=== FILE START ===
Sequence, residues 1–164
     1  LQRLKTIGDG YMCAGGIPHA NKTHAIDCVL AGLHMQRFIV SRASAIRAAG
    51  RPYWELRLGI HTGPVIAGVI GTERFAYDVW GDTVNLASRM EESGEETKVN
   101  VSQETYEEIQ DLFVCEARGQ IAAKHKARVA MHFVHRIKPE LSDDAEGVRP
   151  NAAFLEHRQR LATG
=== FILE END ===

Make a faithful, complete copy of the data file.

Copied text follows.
Sequence, residues 1–164
     1  LQRLKTIGDG YMCAGGIPHA NKTHAIDCVL AGLHMQRFIV SRASAIRAAG
    51  RPYWELRLGI HTGPVIAGVI GTERFAYDVW GDTVNLASRM EESGEETKVN
   101  VSQETYEEIQ DLFVCEARGQ IAAKHKARVA MHFVHRIKPE LSDDAEGVRP
   151  NAAFLEHRQR LATG